Spanish Lessons: On Language Loss and Recovery at The Toast. I have a lot of feelings about this. About not knowing the language of your grandparents, and feeling not [heritage] enough. The effects of assimilation echo far down the line. Down here on my end, you try to make your own way, to muddle your way back to that heritage, if you can. But you can’t. There’s a feeling of things lost, things missing, things not had because of whatever circumstances. I’m actually jealous of the writer of that article, because of how much more she had than me. She had Puerto Rico. She’s more real than I am. As though my life is fake, somehow, because it was so dominated by whiteness. All my life, every time there’s a demographic question about race and ethnicity, I pause. Every time, I pause, and I ask myself “Is it lying to mark Hispanic?”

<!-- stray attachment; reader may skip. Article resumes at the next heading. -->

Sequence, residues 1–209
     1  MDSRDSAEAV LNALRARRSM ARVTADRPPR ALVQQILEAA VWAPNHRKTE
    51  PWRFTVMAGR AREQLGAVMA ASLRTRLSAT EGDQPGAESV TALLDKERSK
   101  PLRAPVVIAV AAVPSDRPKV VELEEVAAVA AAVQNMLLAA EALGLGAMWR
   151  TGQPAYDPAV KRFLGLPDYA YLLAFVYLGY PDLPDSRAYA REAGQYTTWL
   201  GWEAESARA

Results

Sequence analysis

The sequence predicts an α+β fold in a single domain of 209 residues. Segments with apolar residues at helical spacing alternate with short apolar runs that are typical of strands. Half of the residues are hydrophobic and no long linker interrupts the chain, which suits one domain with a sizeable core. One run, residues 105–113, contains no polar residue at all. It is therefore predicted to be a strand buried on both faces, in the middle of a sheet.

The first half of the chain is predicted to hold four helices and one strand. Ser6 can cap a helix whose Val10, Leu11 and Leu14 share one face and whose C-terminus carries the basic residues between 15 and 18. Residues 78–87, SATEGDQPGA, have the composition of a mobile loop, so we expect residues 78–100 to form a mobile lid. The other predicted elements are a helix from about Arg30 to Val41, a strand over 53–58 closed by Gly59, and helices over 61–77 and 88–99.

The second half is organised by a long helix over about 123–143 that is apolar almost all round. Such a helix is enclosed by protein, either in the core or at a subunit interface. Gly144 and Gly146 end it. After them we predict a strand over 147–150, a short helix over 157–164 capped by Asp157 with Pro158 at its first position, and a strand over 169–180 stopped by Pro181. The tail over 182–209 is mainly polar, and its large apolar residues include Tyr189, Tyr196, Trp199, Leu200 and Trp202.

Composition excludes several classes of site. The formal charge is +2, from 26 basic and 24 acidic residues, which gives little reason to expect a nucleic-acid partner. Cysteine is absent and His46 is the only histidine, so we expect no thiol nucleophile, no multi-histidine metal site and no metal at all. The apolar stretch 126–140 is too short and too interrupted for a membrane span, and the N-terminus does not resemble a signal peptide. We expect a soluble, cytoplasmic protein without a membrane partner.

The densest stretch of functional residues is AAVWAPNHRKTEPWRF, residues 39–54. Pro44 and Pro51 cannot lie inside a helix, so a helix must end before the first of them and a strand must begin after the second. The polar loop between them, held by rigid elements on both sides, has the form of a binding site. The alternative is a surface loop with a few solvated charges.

Then I mark it.

The Tomato Thief by Ursula Vernon (Apex) – This is set in the same world as The Jackalope Wives, and I’m so glad. I’m also so glad for this worshipful tone about tomatoes. Just this week I was talking with some friends about how much I love tomatoes, and how that’s the thing I miss about Texas. A good, juicy tomato, sliced onto bread and devoured on a too-warm night. Eating cherry tomatoes straight off the vine. Anyway, The Tomato Thief is a bit of a longer story at 14,000 words, but it’s delicious, with magic and earth and desert.